When dealing with multiple issue negotiations, it is almost always better to present complete packages than it is to deal with issues one by one. The reason is that each party may place different values on each issue, and if you nail one down, you lose flexibility in reaching accord elsewhere.
Let’s take the example from above, where you’re an illustrator working with an author. The author places a high priority on timeliness (he’s promised dates to his adoring fans), but not that high a priority on price (it’s a vanity project and he’s independently wealthy). You place a low priority on timeliness (you’ll be painting for hours every night regardless, it’s just a matter of what topic), and a high priority on pay (this is your job).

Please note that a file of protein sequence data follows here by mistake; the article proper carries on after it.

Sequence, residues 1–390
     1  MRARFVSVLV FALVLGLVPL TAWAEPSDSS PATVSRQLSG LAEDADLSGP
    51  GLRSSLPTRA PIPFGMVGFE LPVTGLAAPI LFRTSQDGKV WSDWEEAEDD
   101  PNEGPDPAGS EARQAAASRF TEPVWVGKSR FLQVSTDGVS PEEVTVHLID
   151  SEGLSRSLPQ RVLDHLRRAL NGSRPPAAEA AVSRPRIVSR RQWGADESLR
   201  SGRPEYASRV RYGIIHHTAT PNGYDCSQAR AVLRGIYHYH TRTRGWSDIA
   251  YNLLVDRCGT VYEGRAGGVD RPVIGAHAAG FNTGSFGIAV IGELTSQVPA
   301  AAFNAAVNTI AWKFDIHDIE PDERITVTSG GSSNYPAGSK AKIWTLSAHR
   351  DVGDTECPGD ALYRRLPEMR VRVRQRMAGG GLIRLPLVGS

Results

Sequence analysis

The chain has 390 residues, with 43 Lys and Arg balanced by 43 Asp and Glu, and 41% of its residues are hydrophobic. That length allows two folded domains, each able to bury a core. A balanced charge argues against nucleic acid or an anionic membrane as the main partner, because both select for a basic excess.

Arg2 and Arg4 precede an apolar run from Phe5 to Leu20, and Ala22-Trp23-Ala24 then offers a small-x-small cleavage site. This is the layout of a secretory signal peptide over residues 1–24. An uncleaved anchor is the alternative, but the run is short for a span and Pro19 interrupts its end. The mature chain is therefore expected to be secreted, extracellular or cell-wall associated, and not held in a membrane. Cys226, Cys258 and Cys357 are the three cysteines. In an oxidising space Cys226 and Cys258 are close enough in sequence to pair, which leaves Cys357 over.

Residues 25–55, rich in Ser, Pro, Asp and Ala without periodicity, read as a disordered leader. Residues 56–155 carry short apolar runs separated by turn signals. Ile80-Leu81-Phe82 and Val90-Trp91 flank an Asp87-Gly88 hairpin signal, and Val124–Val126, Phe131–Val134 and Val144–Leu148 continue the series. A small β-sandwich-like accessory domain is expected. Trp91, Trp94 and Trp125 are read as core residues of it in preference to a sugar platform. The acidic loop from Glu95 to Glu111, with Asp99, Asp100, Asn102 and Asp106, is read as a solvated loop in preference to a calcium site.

If you and your counterpart sat down and worked out the timeline first, then pay separately, you both would end up satisfied but not totally happy with the agreement. But if you instead discuss both issues as a package and say something like “I can give you all the illustrations you need for cheap in a long time, or I can get them to you fast for more money”, there’s a much better chance you’ll both maximize the benefits of the overall deal to each of you. The author can go “I’m happy to pay for faster pictures!” and both of you end up happier than if you had haggled down price and then based how fast you were willing to do it based on that.
There’s a few cases where “point by point” can be useful, but that’s really only in very large, complex deals that are very transactional in nature (not building a relationship for later deals) where it becomes more important to make sure each item is adequately addressed than it is to find opportunities for varying preferences to complement one another.